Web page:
JULIUS SHULMAN: And it was the deadline, in this case. Somebody in the house told us, “There’s a nursery down the road here.” So I went to the nursery and rented some canned plants–five gallon cans of roses and geraniums, whatever they had in bloom–and set them up in front of the house and framed the picture with these plants, and we broke off a branch from a walnut tree that was growing nearby and fastened the branches to a lightstand so we could frame the picture with an arching branch to look like there was a tree there. And in the finished pictures, the house is perfectly landscaped.
TAINA RIKALA DE NOREIGA: [laughs] That’s a good story.
JULIUS SHULMAN: Then in the patio we’d move the same “trees” and branches and plants and cans in front of the camera. We cut more branches, and made it look like the house was landscaped.
TAINA RIKALA DE NOREIGA: With the consistency of landscaping, the same…
JULIUS SHULMAN: The same material–right!–the same plant. Now when I produced the pictures… I was going to New York about that time. I remember bringing them to Mary Kraft. Mary was the architectural interior editor of Good Housekeeping, and she thought the pictures were lovely, as she said, and after the story came out–at least I was wise enough to restrain myself–after the story came out, she sent me a copy of the magazine, and she said, “We’re very proud of what you did for us.” I wrote back–I shouldn’t have–I wrote back to Mary Kraft, I said, “Dear Mary. Thank you very much for the nice presentation you made of the Cliff May house. I thought I’d let you know for future reference, for photographers and architects, that if they come to a house and there’s a deadline, there’s no landscaping, this is what we did.” And I sent her a picture. My assistant took a photograph of me with my camera. It’s in my book. Yeah, it’s in the book. A picture of me with the landscaping, with the cans, the plants, showing how we framed the picture. She wrote back, angry, in her letter, “Julius, how could you! If I had known that you falsified the landscaping, we would never have published the house.”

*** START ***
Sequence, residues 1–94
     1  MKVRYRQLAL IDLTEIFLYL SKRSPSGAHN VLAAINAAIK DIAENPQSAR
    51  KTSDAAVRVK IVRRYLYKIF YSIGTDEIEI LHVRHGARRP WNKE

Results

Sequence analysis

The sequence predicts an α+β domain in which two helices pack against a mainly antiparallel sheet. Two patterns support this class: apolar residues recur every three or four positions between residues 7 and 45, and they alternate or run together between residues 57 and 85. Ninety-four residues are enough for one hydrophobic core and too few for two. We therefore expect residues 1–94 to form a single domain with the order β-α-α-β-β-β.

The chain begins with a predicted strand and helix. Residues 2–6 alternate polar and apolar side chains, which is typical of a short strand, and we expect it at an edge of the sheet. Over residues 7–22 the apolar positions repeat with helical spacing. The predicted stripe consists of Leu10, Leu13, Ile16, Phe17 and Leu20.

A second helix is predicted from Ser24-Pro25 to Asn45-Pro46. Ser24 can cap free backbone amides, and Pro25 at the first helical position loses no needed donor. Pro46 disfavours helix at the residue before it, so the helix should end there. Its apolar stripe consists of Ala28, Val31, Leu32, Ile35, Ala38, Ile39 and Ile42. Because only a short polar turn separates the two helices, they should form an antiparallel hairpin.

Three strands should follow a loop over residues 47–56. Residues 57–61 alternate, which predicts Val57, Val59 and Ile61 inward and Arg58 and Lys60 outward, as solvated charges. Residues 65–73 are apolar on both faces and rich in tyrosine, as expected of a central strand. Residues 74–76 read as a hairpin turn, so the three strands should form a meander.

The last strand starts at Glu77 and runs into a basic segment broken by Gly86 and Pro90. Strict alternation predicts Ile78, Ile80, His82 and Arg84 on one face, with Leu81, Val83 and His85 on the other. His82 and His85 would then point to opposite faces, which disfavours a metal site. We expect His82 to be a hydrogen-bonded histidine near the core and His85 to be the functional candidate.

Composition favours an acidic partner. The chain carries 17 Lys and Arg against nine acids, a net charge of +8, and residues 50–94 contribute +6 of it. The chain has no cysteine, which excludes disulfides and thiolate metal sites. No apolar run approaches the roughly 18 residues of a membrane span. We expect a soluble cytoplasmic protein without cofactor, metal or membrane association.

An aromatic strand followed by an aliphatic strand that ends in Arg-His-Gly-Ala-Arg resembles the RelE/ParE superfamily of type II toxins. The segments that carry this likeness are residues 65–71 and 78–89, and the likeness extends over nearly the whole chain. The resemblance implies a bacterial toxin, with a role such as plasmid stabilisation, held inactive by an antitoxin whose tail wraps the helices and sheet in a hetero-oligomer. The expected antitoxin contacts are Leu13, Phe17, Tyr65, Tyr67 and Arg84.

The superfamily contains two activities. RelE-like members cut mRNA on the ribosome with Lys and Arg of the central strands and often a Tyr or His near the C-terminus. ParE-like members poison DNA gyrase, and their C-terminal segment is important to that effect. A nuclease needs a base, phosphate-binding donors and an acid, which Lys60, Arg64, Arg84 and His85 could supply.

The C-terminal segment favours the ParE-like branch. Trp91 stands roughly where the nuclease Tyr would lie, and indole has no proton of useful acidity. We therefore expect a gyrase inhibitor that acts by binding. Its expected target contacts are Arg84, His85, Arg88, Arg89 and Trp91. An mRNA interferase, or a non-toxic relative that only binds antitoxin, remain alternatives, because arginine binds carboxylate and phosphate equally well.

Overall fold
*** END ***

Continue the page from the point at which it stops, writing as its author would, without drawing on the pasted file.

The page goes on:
TAINA RIKALA DE NOREIGA: Huh! What a surprise.
JULIUS SHULMAN: She was so pleased with the pictures, but she felt annoyed. And many of the editors then (maybe now are that way, too), but in New York, architectural editors were real square about accuracy. They wanted to identify the landscaping. For example, they wanted to identify the name of every shrub, the species of azaleas. They wanted to know everything….”
Here is the photo in question, taken by his assistant, showing the extent of the staging.
Which again – raises the question: as photographers, is it our job to photograph the home exactly as it is, or do we do our best to make it look its absolute best, given what we’ve got? What if Shulman had never ‘lanscaped’ that shot? Perhaps the history of the California Dream Home could have been altered for better or worse. Either way, it is some great food for thought for those who shoot architecture and interiors.